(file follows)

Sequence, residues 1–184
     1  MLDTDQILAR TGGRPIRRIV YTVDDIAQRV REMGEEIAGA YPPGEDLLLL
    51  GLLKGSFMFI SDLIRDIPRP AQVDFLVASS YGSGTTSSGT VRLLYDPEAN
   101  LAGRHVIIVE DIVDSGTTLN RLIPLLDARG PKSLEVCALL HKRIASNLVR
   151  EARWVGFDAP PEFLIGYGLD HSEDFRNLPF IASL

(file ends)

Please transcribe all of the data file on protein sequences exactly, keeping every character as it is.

Sequence, residues 1–184
     1  MLDTDQILAR TGGRPIRRIV YTVDDIAQRV REMGEEIAGA YPPGEDLLLL
    51  GLLKGSFMFI SDLIRDIPRP AQVDFLVASS YGSGTTSSGT VRLLYDPEAN
   101  LAGRHVIIVE DIVDSGTTLN RLIPLLDARG PKSLEVCALL HKRIASNLVR
   151  EARWVGFDAP PEFLIGYGLD HSEDFRNLPF IASL